With Boutin and King out of the way, the unionizing effort never got off the ground. In 2016, the two former employees reached an out-of-court settlement in a wrongful-termination lawsuit against the Co-op. Details weren’t disclosed.

Now come Hall’s allegations.

I met him on his day off. Among the documents that he shared was a letter of recommendation that Fox wrote last December.

Fox himself was a change agent. He was hired in 2016 in the aftermath of the firing of Boutin and King, which drew the ire of Co-op employees and members. In one of his early moves, Fox helped recruit Hall, who was working for a grocery store chain in North Carolina.

“From the beginning, Doren brought impressive credentials to the table: amazing experience, keen judgment, a warm personality, an inspiring story and an unsurpassed knowledge of the industry,” Fox wrote.

Hall grew up in Suffolk, Va., a small coastal city about 40 miles from the North Carolina border.

When Hall was 8, he witnessed his mother’s murder in a convenience store parking lot. While waiting to get gas, Hall’s mother was fatally stabbed in an unprovoked attack by a woman who had caused a disturbance at their house a day earlier, he said.

In the minutes after losing his mother, Hall listened to the white cops who responded to scene talk about it being just more Black-on-Black crime.

“No big deal,” Hall recalled overhearing a cop say. “This is what they do to each other.”

Hall was raised by his grandmother. His first job, at age 15, was bagging groceries at a Food Lion supermarket. As a 17-year-old high school senior, Hall became a father and “had to make money,” he said.

He worked 11 p.m. to 7 a.m. as an overnight grocery store manager. School started an hour later.

“I had just enough time to get a shower and put on regular clothes,” he said.

After graduating from high school, Hall joined the Army. He served in Iraq, following the first U.S. invasion in the early 1990s.

With his time in the military up, he returned home to Virginia to become an assistant store manager with Food Lion. He went on to manage multiple stores for other supermarket chains in the South. Wild Oats, which merged with Whole Foods in 2007, put Hall in charge of what at the time was its largest store in the country. Along the way, Hall earned a bachelor’s degree from Virginia Tech.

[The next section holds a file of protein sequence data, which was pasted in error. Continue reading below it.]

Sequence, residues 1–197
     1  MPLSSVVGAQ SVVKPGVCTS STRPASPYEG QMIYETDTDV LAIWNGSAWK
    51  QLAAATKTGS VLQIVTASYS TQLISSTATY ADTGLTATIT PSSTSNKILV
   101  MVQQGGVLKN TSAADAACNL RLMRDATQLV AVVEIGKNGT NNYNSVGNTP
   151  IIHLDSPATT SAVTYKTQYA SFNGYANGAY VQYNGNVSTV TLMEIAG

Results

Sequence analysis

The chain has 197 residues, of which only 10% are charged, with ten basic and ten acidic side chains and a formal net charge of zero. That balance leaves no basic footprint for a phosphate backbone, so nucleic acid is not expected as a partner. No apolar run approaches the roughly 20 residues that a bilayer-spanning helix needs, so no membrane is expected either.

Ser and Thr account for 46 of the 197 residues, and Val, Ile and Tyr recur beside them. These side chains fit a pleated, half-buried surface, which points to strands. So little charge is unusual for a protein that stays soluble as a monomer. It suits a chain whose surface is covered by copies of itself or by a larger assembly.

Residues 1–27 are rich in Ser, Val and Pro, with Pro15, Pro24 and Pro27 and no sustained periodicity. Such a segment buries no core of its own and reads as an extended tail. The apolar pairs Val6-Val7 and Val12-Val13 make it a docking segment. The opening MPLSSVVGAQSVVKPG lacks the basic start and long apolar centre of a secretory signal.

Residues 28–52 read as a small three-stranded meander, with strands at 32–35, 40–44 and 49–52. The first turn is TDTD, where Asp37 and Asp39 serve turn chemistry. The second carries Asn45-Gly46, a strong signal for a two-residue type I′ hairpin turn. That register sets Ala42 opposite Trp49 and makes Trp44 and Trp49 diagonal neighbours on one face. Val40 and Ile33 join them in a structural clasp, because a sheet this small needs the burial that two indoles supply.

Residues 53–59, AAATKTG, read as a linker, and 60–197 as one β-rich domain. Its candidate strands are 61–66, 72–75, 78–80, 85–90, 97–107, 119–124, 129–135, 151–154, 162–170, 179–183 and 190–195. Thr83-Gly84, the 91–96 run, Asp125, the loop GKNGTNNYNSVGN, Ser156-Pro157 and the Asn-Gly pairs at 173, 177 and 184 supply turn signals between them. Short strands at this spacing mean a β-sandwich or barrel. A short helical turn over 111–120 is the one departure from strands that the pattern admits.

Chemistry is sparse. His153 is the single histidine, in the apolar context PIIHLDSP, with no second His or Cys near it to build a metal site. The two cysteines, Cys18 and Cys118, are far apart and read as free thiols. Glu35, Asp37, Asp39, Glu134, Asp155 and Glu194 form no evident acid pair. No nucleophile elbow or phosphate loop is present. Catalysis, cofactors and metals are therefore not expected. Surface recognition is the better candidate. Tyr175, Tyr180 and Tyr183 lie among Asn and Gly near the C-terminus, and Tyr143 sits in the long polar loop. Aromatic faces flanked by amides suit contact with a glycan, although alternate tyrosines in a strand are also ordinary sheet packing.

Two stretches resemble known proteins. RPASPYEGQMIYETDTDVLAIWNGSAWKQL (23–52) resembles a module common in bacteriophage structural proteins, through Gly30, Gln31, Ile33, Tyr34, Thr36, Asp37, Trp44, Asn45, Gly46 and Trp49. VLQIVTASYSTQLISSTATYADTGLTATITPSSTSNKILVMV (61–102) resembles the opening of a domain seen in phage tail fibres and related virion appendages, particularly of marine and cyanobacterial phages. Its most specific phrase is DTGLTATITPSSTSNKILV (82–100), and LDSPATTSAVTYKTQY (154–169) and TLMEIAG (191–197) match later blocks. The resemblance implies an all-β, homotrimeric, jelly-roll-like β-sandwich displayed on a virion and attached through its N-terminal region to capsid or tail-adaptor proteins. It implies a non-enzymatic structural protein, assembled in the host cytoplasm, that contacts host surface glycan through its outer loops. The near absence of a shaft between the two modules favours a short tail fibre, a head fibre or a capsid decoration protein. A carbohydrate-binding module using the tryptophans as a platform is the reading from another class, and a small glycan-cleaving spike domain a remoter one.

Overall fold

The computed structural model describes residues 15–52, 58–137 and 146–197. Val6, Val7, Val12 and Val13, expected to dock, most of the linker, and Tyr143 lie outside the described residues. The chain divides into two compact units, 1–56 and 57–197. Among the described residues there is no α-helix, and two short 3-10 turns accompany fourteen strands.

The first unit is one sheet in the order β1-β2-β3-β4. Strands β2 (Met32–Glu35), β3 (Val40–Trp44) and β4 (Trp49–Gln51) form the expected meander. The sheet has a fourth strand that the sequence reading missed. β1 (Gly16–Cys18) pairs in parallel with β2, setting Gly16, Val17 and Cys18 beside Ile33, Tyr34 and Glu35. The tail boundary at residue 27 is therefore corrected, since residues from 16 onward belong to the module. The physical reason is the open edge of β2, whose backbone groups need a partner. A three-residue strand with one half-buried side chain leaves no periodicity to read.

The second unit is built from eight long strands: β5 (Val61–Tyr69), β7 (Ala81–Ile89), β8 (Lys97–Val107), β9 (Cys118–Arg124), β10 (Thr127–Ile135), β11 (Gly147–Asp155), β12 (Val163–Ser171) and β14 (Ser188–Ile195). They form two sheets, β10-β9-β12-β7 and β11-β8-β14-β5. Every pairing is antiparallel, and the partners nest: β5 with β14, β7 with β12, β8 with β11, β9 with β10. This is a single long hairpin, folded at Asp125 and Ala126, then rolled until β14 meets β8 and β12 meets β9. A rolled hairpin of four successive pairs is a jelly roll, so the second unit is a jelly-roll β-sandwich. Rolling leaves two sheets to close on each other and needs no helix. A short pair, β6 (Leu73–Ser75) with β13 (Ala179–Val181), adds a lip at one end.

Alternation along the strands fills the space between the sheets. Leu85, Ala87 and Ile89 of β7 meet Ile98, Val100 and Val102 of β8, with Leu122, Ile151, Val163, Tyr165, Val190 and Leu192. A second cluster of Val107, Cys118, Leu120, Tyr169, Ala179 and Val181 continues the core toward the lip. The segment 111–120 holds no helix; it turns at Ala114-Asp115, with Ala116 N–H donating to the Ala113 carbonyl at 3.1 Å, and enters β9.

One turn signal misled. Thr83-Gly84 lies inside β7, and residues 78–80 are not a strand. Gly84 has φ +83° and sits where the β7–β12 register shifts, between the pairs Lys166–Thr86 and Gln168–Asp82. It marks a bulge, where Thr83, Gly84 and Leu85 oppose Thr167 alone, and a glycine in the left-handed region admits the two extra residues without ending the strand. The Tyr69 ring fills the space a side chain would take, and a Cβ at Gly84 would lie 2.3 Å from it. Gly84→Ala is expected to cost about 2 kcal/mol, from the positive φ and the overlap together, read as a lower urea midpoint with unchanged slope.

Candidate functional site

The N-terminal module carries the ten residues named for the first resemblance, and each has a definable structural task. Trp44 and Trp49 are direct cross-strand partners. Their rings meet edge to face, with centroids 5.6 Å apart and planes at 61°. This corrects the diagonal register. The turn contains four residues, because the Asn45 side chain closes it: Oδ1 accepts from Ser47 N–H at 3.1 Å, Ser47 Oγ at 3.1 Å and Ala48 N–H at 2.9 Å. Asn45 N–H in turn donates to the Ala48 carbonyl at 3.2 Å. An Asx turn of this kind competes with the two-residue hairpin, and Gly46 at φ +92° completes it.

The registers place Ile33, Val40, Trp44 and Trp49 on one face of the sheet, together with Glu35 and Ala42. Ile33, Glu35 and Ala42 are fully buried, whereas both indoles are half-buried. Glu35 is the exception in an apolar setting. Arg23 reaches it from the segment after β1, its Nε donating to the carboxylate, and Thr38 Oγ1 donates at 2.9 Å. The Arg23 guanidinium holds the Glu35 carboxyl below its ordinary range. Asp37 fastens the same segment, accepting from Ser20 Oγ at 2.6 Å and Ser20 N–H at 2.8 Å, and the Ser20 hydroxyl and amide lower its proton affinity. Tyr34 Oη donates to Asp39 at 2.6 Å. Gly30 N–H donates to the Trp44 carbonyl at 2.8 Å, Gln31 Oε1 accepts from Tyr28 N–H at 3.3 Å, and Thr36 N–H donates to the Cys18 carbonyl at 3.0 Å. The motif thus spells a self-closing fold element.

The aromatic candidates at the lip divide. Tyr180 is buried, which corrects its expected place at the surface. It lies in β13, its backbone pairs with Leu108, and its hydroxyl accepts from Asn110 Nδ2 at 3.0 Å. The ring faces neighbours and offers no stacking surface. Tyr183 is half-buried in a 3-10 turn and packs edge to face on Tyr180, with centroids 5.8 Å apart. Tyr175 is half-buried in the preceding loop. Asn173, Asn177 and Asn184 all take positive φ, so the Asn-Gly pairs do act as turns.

In late 2016, Fox persuaded him to take charge of the Lebanon Co-op, where he starts his 12-hour days before the delivery trucks start rolling in around 4 a.m.

“I love being here,” Hall wrote in a Co-op newsletter, shortly after arriving. “This sort of cooperative community is exactly what I’ve been looking for.”

In mid-March, the Co-op’s governing board picked Charland to be the “first woman to lead the Co-op as general manager,” Board President Nick Clark wrote to members.

Charland started with the Co-op in 2012 as its sustainability coordinator and later became director of cooperative engagement.

In his discrimination complaint filed with the Human Rights Commission, Hall referred to Charland as a Caucasian with “no store manager experience.”

Before going to the commission, Hall wrote to the Co-op board on March 31, and he didn’t hold back.

“The feedback I received from my candidacy was that I was not a proven leader in a multi-unit environment,” he wrote. “I do not understand how that conclusion can be reached after reading my resume and the numerous references provided.”

“This decision to me seems biased, pre-planned and racial,” he added.

Hall waited almost six weeks for a response.

“While we are saddened about the disappointment that you have expressed, we hope that this message can provide assurance that our decision was made for legitimate business and cooperative reasons, rather than on any improper basis,” Clark, the board president, wrote.

By the time he received Clark’s “rehearsed answer,” Hall was already in touch with the Human Rights Commission to learn more about formally contesting the situation.

If the commission’s investigation finds “probable cause,” it could schedule a public hearing. The seven-member commission has the authority to impose fines on employers and award compensatory damages to complainants.

It’s a lengthy process and could ultimately end up in state court, unless the two sides agree to mediation along the way.

Hall, who lives in Cornish with his girlfriend, told me that he plans to continue working at the Co-op.

“I could walk away and get another job,” he said. “But if I left now, I’d feel like was abandoning my employees, who are great people. I’m going to do the best I can for them and the Co-op.

“My goal is to bring to light how the board and the (Co-op’s) leadership treat people. What they’re doing is not OK.”

Jim Kenyon can be reached at jkenyon@vnews.com.